Creating a Disposable Class

I am trying to create a class that is disposable and I am not sure that I am doing it correctly.

This class basically is a wrapper to write an event to the event log.

Below is my code.  The code works and my program runs using the class, but I don't know if I did the disposable part correctly.  Basically I don't know if it is really disposing.

public class EventHandle: IDisposable
      {
            private GblVar gv;
                      private bool disposed = false;
            private Component Components;
            public EventHandle(string strLocation, string strEventMessage, System.Diagnostics.EventLogEntryType errorType)
            {
                  try
                  {
                        string strEventText = strLocation + " - " + strEventMessage;

                        System.Diagnostics.EventLog ev = new System.Diagnostics.EventLog();

                        if(!System.Diagnostics.EventLog.SourceExists("AppName"))
                        {
                              System.Diagnostics.EventLog.CreateEventSource(gv.strErrorLogSource, "Application");
                        }

                        ev.Source = gv.strErrorLogSource;
                        ev.WriteEntry(strEventText, errorType);
                        ev = null;
                        strEventText = null;
                  }
                  catch(Exception E)
                  {
                        MessageBox.Show("Error in EventHandle() - " + E.ToString());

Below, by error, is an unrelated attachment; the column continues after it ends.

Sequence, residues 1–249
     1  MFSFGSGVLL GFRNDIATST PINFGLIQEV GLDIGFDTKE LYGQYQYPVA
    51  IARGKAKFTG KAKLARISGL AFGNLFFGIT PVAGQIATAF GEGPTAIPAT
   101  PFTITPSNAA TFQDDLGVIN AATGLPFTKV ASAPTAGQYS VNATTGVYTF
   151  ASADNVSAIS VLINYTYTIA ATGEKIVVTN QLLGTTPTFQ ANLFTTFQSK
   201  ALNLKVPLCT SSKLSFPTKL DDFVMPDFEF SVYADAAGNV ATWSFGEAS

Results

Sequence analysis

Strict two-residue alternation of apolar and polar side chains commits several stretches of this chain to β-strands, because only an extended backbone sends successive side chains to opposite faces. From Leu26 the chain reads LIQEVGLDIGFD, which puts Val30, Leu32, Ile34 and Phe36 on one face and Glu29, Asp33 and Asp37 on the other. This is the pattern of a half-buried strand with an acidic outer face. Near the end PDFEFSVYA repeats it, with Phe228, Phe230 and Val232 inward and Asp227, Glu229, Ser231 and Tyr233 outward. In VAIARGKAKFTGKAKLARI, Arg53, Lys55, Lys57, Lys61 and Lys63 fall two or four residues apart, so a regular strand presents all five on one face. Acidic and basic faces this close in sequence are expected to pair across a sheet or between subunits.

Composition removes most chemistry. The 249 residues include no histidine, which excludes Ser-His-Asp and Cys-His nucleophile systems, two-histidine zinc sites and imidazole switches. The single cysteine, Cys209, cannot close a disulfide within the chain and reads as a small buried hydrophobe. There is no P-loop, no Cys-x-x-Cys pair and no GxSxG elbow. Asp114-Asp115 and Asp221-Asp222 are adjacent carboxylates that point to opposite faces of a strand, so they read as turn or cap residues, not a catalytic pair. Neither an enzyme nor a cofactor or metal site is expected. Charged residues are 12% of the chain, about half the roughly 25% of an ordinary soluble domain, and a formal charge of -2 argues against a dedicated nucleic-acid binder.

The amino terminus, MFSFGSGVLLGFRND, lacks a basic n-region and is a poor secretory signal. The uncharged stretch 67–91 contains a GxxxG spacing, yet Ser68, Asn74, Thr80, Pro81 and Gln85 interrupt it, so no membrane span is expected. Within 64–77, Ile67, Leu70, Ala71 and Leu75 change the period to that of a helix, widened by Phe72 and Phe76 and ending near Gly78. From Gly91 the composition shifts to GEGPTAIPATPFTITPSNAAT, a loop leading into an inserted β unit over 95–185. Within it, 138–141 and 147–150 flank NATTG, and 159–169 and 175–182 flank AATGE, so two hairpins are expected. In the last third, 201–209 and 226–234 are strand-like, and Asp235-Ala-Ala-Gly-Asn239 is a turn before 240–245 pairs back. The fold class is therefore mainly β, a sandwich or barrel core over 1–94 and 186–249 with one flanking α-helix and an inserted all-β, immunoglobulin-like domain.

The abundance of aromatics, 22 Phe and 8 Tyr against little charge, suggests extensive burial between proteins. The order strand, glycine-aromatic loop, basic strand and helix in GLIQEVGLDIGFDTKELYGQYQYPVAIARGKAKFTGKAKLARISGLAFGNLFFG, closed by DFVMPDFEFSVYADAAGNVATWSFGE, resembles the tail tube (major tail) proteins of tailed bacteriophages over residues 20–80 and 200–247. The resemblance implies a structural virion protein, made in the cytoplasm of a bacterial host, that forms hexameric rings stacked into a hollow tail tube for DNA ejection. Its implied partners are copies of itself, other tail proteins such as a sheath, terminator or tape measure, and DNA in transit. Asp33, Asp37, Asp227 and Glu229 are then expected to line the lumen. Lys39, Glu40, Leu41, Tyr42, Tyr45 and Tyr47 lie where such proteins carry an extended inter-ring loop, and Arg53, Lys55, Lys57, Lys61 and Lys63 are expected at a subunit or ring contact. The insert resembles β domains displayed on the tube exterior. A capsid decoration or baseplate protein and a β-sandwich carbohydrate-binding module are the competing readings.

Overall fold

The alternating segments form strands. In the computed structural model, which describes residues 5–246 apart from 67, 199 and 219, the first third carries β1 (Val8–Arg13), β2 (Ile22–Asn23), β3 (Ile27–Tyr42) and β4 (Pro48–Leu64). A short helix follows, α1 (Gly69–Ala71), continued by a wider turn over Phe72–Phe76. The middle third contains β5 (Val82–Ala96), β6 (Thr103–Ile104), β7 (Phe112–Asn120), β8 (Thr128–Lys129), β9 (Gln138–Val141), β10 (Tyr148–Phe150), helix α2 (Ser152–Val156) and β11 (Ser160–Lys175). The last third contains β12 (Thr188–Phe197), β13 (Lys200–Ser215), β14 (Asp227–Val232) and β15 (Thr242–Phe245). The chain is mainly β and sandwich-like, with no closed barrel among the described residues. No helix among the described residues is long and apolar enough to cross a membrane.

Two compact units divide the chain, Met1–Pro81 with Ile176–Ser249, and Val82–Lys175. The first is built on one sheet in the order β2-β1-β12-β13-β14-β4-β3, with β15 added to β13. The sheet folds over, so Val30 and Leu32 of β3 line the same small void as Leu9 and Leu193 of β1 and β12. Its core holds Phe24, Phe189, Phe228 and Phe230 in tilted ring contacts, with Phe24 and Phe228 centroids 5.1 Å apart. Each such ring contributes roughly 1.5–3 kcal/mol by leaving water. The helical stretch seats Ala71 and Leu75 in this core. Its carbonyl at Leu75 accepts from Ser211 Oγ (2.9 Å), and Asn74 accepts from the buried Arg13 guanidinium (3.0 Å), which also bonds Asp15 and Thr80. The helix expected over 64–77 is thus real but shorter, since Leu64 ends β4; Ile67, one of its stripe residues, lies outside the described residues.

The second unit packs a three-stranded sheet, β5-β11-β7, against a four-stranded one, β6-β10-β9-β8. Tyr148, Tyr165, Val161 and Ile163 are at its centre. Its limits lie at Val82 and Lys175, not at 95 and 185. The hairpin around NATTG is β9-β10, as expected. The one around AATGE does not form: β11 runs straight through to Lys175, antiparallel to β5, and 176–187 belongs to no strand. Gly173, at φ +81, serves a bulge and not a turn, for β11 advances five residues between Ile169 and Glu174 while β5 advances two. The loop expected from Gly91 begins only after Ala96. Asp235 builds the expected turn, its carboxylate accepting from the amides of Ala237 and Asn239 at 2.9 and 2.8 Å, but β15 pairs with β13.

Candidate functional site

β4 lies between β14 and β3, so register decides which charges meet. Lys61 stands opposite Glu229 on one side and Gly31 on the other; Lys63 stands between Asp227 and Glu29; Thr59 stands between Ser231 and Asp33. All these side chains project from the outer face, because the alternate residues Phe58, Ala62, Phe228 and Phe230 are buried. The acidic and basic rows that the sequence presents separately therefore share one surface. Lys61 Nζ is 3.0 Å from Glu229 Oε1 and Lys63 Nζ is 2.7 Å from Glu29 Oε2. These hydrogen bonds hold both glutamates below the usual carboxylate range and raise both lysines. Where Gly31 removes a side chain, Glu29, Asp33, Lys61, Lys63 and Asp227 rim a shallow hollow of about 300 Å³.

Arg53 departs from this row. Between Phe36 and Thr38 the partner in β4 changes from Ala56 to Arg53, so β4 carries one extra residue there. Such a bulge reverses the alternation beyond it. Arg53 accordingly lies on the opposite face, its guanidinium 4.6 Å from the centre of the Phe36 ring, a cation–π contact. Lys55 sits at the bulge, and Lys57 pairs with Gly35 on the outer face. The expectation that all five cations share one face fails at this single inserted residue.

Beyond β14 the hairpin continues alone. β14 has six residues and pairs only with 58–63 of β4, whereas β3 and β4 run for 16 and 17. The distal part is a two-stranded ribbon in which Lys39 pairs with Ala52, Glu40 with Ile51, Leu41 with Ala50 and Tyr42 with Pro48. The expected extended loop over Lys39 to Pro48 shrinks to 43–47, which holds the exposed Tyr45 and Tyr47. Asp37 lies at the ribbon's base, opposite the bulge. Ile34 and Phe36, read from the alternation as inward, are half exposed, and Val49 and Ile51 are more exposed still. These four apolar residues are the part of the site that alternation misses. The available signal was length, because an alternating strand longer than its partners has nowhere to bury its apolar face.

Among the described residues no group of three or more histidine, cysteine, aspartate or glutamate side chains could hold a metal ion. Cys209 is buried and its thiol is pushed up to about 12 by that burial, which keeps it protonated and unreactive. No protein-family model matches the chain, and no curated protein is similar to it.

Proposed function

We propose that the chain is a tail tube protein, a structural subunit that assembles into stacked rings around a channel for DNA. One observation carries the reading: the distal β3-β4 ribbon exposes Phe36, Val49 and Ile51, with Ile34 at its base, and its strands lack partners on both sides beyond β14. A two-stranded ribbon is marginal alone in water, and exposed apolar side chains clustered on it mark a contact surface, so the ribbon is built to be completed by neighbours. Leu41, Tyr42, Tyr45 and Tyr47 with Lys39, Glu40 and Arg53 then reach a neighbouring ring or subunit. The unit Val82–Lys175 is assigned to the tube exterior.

}
            }            
            #region IDisposable Members

            public void Dispose()
            {
                  GC.SuppressFinalize(this);
            }
            protected virtual void Dispose(bool disposing)
            {
                  // Check to see if Dispose has already been called.
                  if(!this.disposed)
                  {
                        if(disposing)
                        {
                              // Dispose managed resources.
                              Components.Dispose();
                        }
                  }
            }
                  
            #endregion
      }


---------------------------------------------------------

I want to then use it like this.

using(EventHandle evh = new EventHandle("main", "test", System.Diagnostics.EventLogEntryType.Information))
                  {}
LVL 3
gillgatesAsked:
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NipNFriar_TuckCommented: